Nottingham Forest did not know whether to celebrate the comeback or rue the wastefulness. A point gained or two dropped? It was their seventh on the road this season and, given this game could have run away from them after Chelsea found a sudden burst of energy at the start of the second half, the optimists in the away end were entitled to feel positive when the host’s hopes of a second consecutive win were ended by Taiwo Awoniyi heading in his fourth goal of a productive week.
There was character from Forest, resilience when they trailed, and this draw could be vital in the final reckoning. Yet if there was a worry for Steve Cooper, it will be his side’s failure to secure their second away win of the campaign. Forest, who had led after Awoniyi punished an error from Édouard Mendy, could have moved five points clear of the bottom three with two games left; indeed they probably would have done if Moussa Niakhaté had put them 2-0 up shortly after half-time.
Only time will tell if Forest come to regret Niakhaté’s miss. Chelsea were there for the taking before a brief lively spell, Raheem Sterling producing quality finishes twice in the space of seven minutes, and Cooper knew a chance had slipped away.
A touch more composure in the final third, plus more knowhow when Chelsea stirred, and Forest would have been within touching distance of securing their survival.
As it is they remain too close for comfort to Leeds in the final relegation spot and the pressure could grow once Arsenal have visited the City Ground next Saturday. Forest, who visit Crystal Palace on the final day, are still putting a lot of strain on their impressive home form.
“We’ve been what we’ve been away from home,” Cooper said. “It’s a point that could be valuable but we’ve got to make the most of that.”
Forest did not make the most of visiting Chelsea. The hosts were missing key players and created little despite enjoying 74% of the possession. Frank Lampard, who has one win in his eight games as interim head coach, accused his side of not having enough killers in the final third. Forest, who have not kept a clean sheet since 11 February, were rarely pulled apart in their unconventional 5-2-2-1 formation. Serge Aurier and Renan Lodi were disciplined on the flanks. Ryan Yates and Orel Mangala screened in midfield, while Danilo and Morgan Gibbs-White pushed up to support Awoniyi.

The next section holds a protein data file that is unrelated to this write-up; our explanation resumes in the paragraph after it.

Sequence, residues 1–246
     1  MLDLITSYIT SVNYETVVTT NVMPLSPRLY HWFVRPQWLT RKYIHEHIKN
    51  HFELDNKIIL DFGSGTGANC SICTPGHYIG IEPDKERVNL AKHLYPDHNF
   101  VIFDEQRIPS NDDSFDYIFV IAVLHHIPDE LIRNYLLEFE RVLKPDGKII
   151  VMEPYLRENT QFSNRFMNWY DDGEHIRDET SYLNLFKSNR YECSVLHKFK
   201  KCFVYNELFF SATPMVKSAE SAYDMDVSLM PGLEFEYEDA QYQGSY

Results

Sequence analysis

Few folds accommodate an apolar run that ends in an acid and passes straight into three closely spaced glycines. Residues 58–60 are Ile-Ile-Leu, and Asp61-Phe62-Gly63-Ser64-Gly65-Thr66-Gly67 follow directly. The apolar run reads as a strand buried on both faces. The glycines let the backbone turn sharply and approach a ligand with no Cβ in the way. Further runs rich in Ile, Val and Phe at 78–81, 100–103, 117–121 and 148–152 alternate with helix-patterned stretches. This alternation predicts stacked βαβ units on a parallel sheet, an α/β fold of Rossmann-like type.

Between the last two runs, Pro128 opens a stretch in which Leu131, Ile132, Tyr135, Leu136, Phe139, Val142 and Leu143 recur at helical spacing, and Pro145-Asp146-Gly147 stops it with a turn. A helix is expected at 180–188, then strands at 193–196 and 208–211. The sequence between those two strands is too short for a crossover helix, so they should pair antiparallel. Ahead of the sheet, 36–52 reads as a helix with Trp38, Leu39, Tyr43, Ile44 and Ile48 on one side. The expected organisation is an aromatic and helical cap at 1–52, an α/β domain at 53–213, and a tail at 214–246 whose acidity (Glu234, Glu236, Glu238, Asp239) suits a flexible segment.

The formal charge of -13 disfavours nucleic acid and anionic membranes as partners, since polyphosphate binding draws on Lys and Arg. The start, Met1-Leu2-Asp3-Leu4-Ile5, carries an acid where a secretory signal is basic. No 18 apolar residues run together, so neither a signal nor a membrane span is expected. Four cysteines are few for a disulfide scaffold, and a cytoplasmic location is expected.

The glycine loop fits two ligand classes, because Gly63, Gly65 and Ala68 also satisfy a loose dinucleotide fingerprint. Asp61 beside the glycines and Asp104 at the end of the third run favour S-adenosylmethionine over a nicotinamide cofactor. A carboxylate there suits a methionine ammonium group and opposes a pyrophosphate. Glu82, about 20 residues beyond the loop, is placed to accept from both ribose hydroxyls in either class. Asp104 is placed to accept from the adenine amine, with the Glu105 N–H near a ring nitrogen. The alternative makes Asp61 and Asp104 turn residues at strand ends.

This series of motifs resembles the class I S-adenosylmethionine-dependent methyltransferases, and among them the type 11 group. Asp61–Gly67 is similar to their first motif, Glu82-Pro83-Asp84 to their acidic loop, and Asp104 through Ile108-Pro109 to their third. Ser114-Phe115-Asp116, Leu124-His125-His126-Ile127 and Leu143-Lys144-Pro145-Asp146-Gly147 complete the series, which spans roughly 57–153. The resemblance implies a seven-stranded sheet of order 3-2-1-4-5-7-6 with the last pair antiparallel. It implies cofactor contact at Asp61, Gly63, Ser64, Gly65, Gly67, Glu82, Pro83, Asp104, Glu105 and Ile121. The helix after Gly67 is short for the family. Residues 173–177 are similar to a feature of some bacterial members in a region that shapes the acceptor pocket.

Cooper’s decision to drop Brennan Johnson and bring Joe Worrall into a packed defence was effective. Forest’s threat came from high balls, Felipe heading wide in the fourth minute. They looked to outmuscle Chelsea and they led when Enzo Fernández lost out during a midfield scramble in the 13th minute, Danilo emerging with the ball and finding Lodi on the left.
The wing-back had space to cross and another Chelsea calamity unfolded. The rust showed when Mendy, making his first start since December, came off his line. The goalkeeper’s presence merely spread confusion, Benoît Badiashile and Thiago Silva offering little resistance as Awoniyi headed into the empty net.
Chelsea’s response was limited to Worrall denying Sterling and João Félix heading at Keylor Navas. Their problems grew when Mateo Kovacic limped off for Ruben Loftus-Cheek. Lampard had already ruled N’Golo Kanté, out of contract in the summer, out for the rest of the season.
The mood was low and Chelsea were booed off at half-time. Forest pushed. Felipe flicked on a corner and Niakhaté failed to make decisive contact at the far post. Chelsea capitalised. Out of nowhere Noni Madueke and Trevoh Chalobah cut Forest open on the right. Sterling clipped home from Chalobah’s cutback and Chelsea poured forward. Loftus-Cheek drove forward and found Sterling. Felipe slid in but the winger swerved inside and bent a fine shot into the far corner.
Now it was Forest’s turn to show resolve. Four minutes later they sent a long throw into the area. Silva’s clearance was weak and Mangala found Awoniyi, who headed in from six yards. Forest, who later saw Lodi twice go close to a winner, had their point. They were unsure what to make of it, though.